Five copper plates record the privileges accorded to the Christian community and some others by a local ruler sometime near 800. The plates are in the old Tamil language, but include several unusual signatures by the witnesses. These signatures are in Pahlavi (a type of Persian), Arabic (in Kufi script), and Persian (in Hebrew script). This ruler gave slaves to the Christian community in Quilon. He also gave them the responsibility for customs, weights and measures and even the official seal of the kingdom. Though this community appears to have been foreign in origin, it became rooted in the soil of India.

Although the Syriac-speaking church that consecrated Mar Julius was the Syrian Orthodox Church of Antioch, rather than the equally Syriac-speaking Church of the East, headquartered in Seleucia, some history of that church and its relations with India may be of interest.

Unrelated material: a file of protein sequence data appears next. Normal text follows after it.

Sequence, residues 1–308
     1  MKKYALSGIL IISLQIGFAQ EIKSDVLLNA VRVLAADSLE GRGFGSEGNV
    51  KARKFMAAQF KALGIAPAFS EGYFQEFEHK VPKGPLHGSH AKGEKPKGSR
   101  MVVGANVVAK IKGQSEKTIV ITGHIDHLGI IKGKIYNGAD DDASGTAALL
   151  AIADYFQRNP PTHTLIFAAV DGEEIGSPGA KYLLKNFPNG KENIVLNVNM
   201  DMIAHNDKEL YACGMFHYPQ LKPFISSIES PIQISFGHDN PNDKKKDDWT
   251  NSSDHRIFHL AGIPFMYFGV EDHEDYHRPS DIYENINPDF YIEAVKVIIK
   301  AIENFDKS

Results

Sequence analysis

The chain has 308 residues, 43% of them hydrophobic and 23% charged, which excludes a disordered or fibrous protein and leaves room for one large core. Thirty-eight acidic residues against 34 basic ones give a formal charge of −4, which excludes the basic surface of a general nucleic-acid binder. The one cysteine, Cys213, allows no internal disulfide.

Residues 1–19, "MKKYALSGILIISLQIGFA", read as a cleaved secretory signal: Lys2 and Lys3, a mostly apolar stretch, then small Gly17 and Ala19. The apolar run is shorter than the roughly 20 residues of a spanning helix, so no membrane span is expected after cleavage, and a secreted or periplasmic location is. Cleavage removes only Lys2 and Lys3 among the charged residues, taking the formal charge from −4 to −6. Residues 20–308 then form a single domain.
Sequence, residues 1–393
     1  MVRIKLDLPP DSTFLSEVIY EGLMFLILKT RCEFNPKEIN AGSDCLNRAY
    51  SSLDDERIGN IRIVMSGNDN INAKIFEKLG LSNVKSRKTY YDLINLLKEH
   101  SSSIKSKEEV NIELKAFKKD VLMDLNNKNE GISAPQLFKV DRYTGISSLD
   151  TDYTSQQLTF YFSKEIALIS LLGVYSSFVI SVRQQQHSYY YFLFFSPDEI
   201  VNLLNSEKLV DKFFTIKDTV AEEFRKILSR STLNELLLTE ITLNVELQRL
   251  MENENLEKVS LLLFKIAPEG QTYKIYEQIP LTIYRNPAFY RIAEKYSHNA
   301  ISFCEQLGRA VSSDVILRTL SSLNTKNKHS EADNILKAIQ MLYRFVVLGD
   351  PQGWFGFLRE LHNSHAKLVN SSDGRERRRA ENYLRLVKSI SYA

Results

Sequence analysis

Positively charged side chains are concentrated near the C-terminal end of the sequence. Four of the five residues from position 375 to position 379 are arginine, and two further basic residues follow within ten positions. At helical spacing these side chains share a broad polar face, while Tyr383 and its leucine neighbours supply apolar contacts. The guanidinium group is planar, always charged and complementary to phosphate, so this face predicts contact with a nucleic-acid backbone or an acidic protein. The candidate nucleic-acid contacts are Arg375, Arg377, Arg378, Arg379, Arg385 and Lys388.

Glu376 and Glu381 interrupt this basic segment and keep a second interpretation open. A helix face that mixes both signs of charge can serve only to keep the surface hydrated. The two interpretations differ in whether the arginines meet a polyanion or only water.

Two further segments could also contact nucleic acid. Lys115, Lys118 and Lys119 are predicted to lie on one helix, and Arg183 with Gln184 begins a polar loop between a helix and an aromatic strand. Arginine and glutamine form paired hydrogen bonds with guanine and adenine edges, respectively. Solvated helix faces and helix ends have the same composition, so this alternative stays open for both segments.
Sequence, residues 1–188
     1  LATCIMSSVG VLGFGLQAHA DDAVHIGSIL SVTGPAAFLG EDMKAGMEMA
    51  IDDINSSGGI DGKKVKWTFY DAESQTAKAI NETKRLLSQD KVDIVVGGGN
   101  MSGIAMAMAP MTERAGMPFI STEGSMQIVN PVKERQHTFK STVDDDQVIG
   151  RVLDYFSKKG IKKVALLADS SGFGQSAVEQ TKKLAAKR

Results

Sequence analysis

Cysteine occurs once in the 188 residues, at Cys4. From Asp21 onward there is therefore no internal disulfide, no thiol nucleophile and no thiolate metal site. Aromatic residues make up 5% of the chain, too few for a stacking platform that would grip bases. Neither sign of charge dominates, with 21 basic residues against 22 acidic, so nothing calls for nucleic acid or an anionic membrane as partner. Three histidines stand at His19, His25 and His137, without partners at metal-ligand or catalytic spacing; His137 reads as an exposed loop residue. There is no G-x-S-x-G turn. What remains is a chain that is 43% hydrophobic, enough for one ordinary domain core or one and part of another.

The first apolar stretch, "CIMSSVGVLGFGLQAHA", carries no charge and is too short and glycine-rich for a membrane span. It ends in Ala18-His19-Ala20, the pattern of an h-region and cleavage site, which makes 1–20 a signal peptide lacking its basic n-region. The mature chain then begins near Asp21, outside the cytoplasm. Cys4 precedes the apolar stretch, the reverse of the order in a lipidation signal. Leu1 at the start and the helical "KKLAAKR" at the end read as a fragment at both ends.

This Christian community takes its name from the cities of Seleucia and Ctesiphon on either bank of a canal joining the Euphrates and Tigris Rivers near Baghdad. It is also known in its various divisions as the Church of the East, the Church of Persia, the Babylonian Church, the Assyrian Church, The East Assyrian Church, the Nestorian Church (for their support of Nestorius), and (especially those members who later reunited with Rome) the Chaldean Church. Tradition holds that the Seleucian Church was founded by Mar Mari, who was a disciple of Mar Addai. St. Thomas (Mar Thoma) is reported to have sent Addai to Edessa. The Seleucians maintain that their Church was visited by both the apostle Peter and the apostle Thomas. Some maintain that St. Bartholomew is also connected with the Church in Babylon. The Seleucians report that their principal prelate was consecrated by the patriarch of Antioch until persecutions and travel restrictions between the region made this impossible. At this point the Church in the West (Antioch, Edessa and Nisibis) granted them the authority to consecrate their own bishops and metropolitan. At the same time the Jacobite (Monophysite) Church was divided into two distinct parts. The Syrian patriarch of Antioch chose the ranking metropolitan of Persia to become his appointed delegate in all matters. He granted the metropolitan the right to both appoint and consecrate bishops and metropolitans and to bless the holy chrism. This person became known as the Maphrian (literally 'fructifier'; the title is unique to this hierarch who has authority in South India), who served as the principal prelate. The Maphrian, the highest cleric in the East outside of Antioch, was given the privilege of consecrating and enthroning (not appointing) the patriarch of Antioch. The connection with the Seleucian Church continued through the arrival of the Latin Church with the Portuguese in the Middle Ages.